Marie Belloc Lowndes published Good Old Anna in 1915, when it must have seemed red-hot topical. The novel’s action occurs during the first months of the War, in a cathedral town in Southern England; it actually begins on August 4th, when someone asks Mrs Otway: ‛What are you going to do about your good old Anna?’ – because Anna, who has been Mrs Otway’s servant for twenty-two years, is German.
Mrs Belloc Lowndes’ previous best-seller had been The Lodger, about a disturbing man who rents a family’s spare room, and may, they gradually realise, be Jack the Ripper. This novel continues the theme of the enemy within, adapting it to wartime.
It is one of those books published during the War that asks how far wartime urgencies should be allowed to impinge on the traditional civilised values of decent society. At first Mrs Otway, supported by the Dean of the Cathedral, feels that it should make no difference at all. Anna is a loved and trusted servant who has been with the family for so long that it is unthinkable to ask her to go away.
What Mrs Otway does not realise is that Anna has some secrets. A few years before the War, she had what she thought was a stroke of good fortune; a man asked her to look after some goods for him. She also innocently passes messages. Gradually, she has become become part of a spy ring, giving valuable information to the enemy – though without realising that she is doing so. The plot requires that Anna is very stupid, but the story remains just about credible.
Spy fiction was a dominant genre in the early years of the War for several reasons. The first was that it linked in with current anxieties; in this novel, the Germans are planning an invasion of the South coast. Secondly, part of its attraction must have been that it assured those far from the battlefield to feel that they too were relevant to the War effort. Their vigilance might save the country, maybe. In addition, the genre allowed novelists and short-story writers to tackle the subject of the War without straying into the unfamiliar territory of the battlefield. In this novel, Mrs Belloc Lowndes is able to explore questions about the War, but within the familiar setting of a cathedral close.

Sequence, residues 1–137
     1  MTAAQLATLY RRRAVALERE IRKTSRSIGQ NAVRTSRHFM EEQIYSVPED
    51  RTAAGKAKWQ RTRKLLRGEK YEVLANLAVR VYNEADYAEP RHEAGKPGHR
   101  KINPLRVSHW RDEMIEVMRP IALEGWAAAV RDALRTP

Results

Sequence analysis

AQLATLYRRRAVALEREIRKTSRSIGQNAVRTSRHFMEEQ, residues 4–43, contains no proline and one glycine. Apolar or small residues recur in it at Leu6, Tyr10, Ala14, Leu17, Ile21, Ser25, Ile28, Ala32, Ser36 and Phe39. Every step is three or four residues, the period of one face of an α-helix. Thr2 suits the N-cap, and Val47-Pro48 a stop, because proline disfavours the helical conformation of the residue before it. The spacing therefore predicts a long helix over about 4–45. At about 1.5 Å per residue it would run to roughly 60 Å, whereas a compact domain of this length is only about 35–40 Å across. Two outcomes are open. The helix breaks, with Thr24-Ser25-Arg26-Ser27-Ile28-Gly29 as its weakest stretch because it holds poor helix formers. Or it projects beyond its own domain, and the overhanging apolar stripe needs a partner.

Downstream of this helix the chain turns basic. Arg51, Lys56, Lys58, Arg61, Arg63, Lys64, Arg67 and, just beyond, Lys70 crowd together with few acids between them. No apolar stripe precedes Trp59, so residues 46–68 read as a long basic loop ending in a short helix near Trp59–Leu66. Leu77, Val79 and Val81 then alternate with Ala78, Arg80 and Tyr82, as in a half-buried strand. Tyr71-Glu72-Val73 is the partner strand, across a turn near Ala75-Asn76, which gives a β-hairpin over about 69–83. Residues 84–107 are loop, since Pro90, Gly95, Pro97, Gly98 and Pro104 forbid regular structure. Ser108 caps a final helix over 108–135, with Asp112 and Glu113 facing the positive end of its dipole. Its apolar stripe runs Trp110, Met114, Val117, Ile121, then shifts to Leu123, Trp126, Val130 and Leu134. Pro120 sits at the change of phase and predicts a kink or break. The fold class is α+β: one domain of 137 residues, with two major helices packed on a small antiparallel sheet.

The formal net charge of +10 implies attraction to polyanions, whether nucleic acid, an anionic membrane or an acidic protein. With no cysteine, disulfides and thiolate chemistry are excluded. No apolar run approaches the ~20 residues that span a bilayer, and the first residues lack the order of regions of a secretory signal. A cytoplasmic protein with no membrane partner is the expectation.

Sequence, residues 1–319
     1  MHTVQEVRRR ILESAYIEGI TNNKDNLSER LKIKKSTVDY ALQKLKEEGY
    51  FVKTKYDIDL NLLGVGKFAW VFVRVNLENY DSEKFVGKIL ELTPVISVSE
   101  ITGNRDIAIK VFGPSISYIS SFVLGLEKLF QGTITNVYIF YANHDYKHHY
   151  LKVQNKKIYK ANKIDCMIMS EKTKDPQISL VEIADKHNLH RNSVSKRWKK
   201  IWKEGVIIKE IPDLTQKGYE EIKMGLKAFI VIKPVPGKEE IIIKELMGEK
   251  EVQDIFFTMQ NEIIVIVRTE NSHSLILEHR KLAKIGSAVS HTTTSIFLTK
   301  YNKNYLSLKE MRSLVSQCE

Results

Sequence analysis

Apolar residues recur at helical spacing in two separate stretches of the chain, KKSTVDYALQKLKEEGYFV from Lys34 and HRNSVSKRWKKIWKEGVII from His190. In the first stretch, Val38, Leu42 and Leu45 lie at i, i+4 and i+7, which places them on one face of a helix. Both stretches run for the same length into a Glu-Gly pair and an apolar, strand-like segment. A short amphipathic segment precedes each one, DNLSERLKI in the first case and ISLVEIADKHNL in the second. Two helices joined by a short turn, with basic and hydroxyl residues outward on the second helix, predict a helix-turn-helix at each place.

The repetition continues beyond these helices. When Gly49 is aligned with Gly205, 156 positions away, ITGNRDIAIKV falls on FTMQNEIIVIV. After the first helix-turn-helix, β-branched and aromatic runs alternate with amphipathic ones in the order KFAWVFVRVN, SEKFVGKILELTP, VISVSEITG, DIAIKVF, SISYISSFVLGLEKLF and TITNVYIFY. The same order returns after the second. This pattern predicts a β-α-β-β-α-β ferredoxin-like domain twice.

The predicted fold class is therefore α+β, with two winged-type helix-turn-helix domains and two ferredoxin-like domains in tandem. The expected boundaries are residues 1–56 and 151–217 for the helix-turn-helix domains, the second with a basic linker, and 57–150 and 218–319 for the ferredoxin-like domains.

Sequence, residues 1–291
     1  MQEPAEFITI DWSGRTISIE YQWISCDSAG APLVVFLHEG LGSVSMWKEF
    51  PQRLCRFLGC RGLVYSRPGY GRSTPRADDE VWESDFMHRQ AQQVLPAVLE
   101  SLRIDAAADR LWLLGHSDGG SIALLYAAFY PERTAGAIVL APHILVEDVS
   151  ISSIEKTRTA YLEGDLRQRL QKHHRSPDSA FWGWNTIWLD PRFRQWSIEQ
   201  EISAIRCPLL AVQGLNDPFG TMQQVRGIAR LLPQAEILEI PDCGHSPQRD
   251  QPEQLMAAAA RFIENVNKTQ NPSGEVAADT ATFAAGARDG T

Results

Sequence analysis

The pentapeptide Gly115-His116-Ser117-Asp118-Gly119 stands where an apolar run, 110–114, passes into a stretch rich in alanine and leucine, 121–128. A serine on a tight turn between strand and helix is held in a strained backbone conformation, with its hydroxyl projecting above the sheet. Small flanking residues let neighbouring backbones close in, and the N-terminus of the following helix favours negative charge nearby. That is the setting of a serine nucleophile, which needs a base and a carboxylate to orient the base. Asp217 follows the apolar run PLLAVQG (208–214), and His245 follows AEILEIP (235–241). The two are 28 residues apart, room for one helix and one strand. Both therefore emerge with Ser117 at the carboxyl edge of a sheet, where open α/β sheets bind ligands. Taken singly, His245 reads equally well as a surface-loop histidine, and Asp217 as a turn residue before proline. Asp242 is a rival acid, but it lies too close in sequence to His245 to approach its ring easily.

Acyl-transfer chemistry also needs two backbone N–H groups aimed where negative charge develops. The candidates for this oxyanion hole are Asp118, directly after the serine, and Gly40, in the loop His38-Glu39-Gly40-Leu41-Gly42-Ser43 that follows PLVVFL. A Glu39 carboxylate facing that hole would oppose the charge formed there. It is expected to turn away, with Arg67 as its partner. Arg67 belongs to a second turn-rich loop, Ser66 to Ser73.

In doing so, she was fulfilling what many at the time required of a war novel: A critic in the Westminster Gazette in 1916 wrote of the better examples of war fiction:
They do not give realistic and yet artful description of actual battle — that is journalism; and when it is glazed with a surface of fiction it is very hard to read. The real war novel tells us how non-combatants behave under this particular strain, and shows us the humour, the goodness, the heroism and the treachery of daily life.
In this book, Mrs Otway, the Dean and others are definitely put under the strain and tested. They do not come out of it very well. The Dean, for example, is a good man, inspired by German idealism, and full of a wishy-washy optimism about human nature. He is shown to have been foolishly blind to the rise of militarism that was actually happening in Germany while he was thinking pious thoughts.
Other books of the time tackle the question of the disparity between wartime values and traditional ones differently, and some (I would think, for example, of E.M.Delafield’s The War Workers) defend the traditional way of life against those who would disrupt it in the name of the War. Mrs Belloc Lowndes, though, sees the war as a challenge that finds traditional English cosiness wanting. Her book must have been a bracing read back in 1915.
If you want to read this rather gripping novel, you can buy a new edition, with a very interesting introduction and useful notes by Jane Potter, which it as part of a five-volume set of Great War texts, priced at £450. Or you can download a probably less reliable text from Project Gutenberg, free, for your Kindle. The choice is yours.